More Than a Moment (aka: Overcoming our Shadow Selves)

 There is a bleakness that exists within the human spirit. It is something so terrible, that none of us like to acknowledge its existence. A cold, terrible nothingness that creeps inside us. The shadow side of our human nature.

The woman who badmouths people behind their backs says, “At least I’m not as bad as the one who mistreats other people outright.”

The man who mistreats other people outright says, “At least I’m not as bad as people who abuse pets.”

The woman who abuses pets says, “I’m not as bad as people who physically hurt other people.”

The man who beats his wife and children says, “At least I’m not as bad as a murderer.”

The man who murders one person says, “I’m not as bad as the man who murders multiple people.”

And we shrug our shoulders at our “lesser” badness, and feel better. If just for the moment.

We have only two real ways to keep the shadows from overtaking us. We give in in bits and pieces, accepting the part rather than the whole. Every time we make a choice to willingly harm another person, we are choosing to walk in the shadows. We choose to cheat, to skirt around the rule of law. We dangle temptation on a string. We aim our bitter self-hatred toward others, forcing our whipping boy to endure the fury and pain we feel for ourselves. We lash out at the weak in our cowardice, then laugh as they fall.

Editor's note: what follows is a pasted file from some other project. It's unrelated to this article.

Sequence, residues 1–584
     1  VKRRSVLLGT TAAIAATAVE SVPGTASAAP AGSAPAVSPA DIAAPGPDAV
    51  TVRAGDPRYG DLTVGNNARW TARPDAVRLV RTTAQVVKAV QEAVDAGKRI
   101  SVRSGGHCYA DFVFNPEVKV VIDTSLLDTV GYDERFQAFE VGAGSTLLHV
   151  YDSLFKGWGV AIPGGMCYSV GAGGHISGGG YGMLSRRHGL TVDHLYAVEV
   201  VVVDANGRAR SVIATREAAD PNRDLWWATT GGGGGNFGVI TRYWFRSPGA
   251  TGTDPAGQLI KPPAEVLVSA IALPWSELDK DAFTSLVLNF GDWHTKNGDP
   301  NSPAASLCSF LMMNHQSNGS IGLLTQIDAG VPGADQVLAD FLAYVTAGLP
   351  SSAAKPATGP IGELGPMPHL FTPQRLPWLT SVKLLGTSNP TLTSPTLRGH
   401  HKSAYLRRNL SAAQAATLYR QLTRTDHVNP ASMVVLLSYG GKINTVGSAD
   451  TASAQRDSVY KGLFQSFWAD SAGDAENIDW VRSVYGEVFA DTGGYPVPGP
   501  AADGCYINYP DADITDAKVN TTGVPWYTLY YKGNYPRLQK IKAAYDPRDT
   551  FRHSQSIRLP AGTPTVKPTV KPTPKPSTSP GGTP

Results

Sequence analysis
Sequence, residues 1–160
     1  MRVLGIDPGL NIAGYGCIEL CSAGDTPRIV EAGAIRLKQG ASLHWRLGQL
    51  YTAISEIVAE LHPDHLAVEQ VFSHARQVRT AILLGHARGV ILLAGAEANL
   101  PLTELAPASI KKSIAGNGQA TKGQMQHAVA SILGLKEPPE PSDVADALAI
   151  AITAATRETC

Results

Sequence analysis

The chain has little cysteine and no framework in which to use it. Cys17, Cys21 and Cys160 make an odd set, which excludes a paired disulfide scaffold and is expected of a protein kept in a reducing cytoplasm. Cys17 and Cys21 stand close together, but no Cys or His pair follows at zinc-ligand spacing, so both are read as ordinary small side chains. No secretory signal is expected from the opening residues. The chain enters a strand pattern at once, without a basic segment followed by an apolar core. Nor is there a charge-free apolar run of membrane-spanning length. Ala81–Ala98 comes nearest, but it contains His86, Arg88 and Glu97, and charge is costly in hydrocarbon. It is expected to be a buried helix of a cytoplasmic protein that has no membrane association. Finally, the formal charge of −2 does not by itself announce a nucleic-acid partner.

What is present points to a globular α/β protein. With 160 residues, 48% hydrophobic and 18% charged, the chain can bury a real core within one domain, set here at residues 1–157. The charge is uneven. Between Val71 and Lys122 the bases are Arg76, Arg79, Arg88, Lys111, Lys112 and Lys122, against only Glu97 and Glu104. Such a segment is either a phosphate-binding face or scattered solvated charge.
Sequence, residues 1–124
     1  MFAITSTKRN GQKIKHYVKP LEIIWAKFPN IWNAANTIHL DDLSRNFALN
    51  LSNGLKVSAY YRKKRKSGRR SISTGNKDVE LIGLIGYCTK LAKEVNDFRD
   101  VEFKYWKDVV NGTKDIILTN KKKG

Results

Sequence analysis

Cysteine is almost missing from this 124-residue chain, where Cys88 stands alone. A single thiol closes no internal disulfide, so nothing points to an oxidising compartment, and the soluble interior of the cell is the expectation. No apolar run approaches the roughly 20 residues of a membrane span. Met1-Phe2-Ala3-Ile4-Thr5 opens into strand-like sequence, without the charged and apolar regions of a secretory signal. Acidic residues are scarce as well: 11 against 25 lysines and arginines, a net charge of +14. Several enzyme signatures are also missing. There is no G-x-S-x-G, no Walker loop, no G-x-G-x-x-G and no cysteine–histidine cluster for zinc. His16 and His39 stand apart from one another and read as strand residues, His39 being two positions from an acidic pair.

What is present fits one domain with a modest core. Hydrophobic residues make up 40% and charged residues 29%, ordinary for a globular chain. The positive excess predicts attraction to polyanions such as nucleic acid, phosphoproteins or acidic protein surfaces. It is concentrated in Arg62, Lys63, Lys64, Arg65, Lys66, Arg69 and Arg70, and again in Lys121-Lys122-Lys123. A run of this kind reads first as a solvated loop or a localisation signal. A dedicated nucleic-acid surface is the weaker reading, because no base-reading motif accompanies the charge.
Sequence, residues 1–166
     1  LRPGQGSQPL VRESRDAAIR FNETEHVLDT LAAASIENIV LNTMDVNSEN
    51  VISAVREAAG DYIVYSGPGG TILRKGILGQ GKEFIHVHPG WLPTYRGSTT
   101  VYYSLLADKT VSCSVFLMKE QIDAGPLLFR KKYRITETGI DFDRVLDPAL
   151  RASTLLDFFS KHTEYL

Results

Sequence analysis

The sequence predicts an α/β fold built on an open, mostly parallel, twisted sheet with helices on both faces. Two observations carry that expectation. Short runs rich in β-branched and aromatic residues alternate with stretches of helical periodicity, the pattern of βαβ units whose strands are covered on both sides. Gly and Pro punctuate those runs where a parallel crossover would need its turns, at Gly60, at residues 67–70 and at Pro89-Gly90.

Because it makes us feel better. If just for the moment.

It trades our helpessness for power, if just for the moment. It hides the shadows, that terrible, creeping emptiness, in our darkness. But only for the moment.

But there is another way to keep it from overtaking us.

We fight.

We do not take the route of the cowardly, who give up and give in to their shadow self. Instead, we fill our lives with as much purpose and light as we can carry. We make the difficult choice to reach into the mire with both hands and help our fellow human beings. We share our bounty with those who have less. We seek out those who have become invisible, and we see them. We offer kindness and forgiveness, even to those who aim to do us wrong. We love.